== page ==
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Drug Testing Court Cases


The legal status of drug testing has been made most clear through dozens of court cases dealing with the issue. One publication discussing the legal aspects of drug testing identified forty-one major court cases involving the issue of privacy.  A similar publication reported over four hundred cases in which drug test­ing was involved at least to some extent.

Landmark Supreme Court cases have been most valuable in determining what kinds of drug testing programs employers may and may not institute. Three of the most important Supreme Court deci­sions have been Skinner v. Railway Labor Executives' Association in 1989, National Treasury Employees Union v. von Raab in 1989, and Chandler et al. v. Miller, Governor of Georgia et al. in 1997. In the Skinner case, the issue was whether the Federal Railroad Administration could require blood and urine tests of all rail personnel involved in serious accidents. In the National Treasury Employees Union case, the question was whether the Customs Service could require urinalysis of any employee seeking a promotion or a transfer to a position dealing with illegal drug trafficking, firearms, or classified mate­rials. In the Chandler case, the issue involved a state law in Georgia that required candidates for certain public offices to take drug tests.

All of these cases (as well as most other cases) required the justices to choose between two fundamental rights. The first is the right that American citizens have to privacy and to protection from "unreasonable searches and seizures" by the government. This right is guaranteed by the Fourth Amendment of the u.s. Constitution. The second is the right of the government to protect the health and safety of citizens when that can be shown to be more important than the right of individual privacy.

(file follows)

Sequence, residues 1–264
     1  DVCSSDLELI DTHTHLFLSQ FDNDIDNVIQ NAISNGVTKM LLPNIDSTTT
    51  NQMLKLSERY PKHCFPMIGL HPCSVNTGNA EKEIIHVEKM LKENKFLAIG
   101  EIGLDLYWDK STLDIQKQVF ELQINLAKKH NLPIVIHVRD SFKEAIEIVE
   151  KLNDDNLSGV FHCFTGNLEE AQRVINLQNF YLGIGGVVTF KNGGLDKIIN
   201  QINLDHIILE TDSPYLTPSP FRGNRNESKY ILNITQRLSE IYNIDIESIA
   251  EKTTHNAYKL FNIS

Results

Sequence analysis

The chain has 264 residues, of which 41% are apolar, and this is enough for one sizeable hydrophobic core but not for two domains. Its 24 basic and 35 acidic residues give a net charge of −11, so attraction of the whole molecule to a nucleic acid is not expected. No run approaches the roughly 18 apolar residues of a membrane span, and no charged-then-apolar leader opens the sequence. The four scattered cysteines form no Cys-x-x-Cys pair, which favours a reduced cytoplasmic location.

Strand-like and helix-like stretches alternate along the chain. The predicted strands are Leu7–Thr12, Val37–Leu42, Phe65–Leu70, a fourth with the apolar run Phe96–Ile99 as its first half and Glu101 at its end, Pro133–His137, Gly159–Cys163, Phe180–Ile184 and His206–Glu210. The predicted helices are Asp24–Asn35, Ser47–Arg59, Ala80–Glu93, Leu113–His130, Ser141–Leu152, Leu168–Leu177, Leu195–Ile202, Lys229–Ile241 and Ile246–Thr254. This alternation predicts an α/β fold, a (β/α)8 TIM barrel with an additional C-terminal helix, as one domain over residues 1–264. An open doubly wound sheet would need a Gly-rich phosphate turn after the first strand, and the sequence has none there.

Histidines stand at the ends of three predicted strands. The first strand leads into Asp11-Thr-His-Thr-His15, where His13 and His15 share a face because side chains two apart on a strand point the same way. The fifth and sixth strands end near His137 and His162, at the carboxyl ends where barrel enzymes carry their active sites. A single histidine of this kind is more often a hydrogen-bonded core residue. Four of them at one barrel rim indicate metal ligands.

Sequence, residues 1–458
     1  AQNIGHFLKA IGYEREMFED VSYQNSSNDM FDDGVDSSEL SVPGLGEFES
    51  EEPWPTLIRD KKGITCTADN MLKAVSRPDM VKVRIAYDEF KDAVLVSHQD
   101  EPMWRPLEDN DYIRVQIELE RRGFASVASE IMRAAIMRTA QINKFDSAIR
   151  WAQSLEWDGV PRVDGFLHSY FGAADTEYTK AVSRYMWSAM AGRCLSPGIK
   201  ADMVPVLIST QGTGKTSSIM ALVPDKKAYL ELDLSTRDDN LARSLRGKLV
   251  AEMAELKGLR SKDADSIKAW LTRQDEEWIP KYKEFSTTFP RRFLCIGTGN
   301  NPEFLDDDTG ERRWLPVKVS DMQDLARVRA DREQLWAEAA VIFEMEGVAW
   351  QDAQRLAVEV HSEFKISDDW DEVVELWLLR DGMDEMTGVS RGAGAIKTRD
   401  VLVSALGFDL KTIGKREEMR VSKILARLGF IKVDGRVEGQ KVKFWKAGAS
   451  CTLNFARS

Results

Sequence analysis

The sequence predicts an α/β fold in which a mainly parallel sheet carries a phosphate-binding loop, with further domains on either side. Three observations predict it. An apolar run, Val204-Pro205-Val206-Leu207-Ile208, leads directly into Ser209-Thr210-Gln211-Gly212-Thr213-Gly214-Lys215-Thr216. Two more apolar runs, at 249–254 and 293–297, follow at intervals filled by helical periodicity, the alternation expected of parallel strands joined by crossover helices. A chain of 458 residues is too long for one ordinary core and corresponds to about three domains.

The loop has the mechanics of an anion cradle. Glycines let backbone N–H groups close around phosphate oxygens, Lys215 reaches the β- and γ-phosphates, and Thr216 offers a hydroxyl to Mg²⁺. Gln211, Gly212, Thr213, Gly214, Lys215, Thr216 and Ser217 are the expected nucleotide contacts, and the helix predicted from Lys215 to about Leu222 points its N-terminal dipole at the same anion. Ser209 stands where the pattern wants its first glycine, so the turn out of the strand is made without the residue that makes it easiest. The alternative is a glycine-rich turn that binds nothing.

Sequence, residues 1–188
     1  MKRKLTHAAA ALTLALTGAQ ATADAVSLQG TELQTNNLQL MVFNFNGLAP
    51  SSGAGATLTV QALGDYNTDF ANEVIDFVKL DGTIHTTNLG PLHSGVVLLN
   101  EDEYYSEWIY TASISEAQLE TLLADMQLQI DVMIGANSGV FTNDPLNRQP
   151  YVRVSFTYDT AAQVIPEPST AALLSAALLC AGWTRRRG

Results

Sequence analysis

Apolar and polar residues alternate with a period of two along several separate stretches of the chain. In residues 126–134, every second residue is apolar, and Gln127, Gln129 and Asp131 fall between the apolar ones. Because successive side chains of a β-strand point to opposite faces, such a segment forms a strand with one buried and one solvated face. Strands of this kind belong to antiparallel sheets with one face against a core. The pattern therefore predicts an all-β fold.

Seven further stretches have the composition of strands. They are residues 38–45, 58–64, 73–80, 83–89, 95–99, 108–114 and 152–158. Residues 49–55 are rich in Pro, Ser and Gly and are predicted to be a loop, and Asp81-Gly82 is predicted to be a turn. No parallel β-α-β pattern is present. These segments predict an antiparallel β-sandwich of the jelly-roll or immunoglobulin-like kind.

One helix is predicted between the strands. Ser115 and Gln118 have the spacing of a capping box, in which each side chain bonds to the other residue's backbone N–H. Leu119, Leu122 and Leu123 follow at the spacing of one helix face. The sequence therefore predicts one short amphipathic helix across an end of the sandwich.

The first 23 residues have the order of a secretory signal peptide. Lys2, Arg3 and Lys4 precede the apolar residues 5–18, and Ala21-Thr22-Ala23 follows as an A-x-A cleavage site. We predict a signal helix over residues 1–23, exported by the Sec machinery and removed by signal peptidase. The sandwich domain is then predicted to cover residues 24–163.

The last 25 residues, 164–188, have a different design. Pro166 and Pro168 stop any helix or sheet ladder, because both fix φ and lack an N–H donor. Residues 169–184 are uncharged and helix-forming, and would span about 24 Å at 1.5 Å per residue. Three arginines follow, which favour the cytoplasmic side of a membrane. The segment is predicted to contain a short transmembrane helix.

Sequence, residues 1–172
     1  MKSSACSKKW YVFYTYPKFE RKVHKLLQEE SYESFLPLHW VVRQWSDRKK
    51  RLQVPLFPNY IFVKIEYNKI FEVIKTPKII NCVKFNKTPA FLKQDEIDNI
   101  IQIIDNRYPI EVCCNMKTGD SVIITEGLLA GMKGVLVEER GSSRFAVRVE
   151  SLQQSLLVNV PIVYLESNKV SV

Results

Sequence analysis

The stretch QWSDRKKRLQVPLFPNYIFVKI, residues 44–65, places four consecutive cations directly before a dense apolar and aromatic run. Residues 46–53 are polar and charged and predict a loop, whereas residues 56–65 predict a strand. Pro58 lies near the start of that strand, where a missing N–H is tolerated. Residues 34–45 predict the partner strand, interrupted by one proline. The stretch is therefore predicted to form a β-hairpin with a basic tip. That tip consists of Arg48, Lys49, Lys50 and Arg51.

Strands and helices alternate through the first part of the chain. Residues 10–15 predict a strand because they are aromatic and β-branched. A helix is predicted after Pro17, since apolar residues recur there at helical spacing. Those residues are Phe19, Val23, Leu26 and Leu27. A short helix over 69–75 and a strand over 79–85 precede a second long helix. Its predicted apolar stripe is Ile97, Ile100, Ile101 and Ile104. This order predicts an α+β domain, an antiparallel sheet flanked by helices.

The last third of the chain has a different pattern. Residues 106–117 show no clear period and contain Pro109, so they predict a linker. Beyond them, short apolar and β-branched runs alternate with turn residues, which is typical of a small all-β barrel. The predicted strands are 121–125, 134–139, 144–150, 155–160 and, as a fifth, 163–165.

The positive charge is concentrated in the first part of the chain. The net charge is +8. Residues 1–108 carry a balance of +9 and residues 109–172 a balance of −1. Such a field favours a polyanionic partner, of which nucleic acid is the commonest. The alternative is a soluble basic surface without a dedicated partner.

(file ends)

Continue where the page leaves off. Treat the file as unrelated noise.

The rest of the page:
As an example, Americans are guaranteed the right of free speech by the Constitution. However, that right is not unlimited. In a famous case on the rights of free speech, a Supreme Court Justice remarked that a person had no right to stand up in a crowded movie theater and yell "Fire!" The government is obligated to make sure that public health and safety are not endangered by an individual's free speech.

In both Skinner and National Treasury Employees Union the Supreme Court ruled in favor of the government. The Court based its decisions on a principle of "special needs" that went beyond the ordinary needs of law enforcement. It ruled that, in certain circumstances, the need to protect the safety of the general public was more important than pro­tecting the privacy rights of individual citizens.

In the Chandler case, the Court ruled differently. It said that the state of Georgia had failed to prove that a drug problem existed among state officials, or that those officials performed high risk, safety ­sensitive tasks that demanded special protection, or that the law being challenged would provide any protection against the use of drugs by public officials. The court further said that the only case made successfully by the state of Georgia was a symbolic one in standing up against drug abuse. "The Fourth Amendment," the Court concluded, "shields society from state action that diminishes personal privacy for a symbol's sake.

It is important to realize that the decisions in these three cases apply to the actions of government bodies. The Fourth Amendment was written to pro­tect citizens from "unreasonable searches and seizures" by agencies of the government. There is no similar constitutional protection against the action of individuals and companies. Essentially, private employers have an unlimited right to carry out drug testing programs in their companies.

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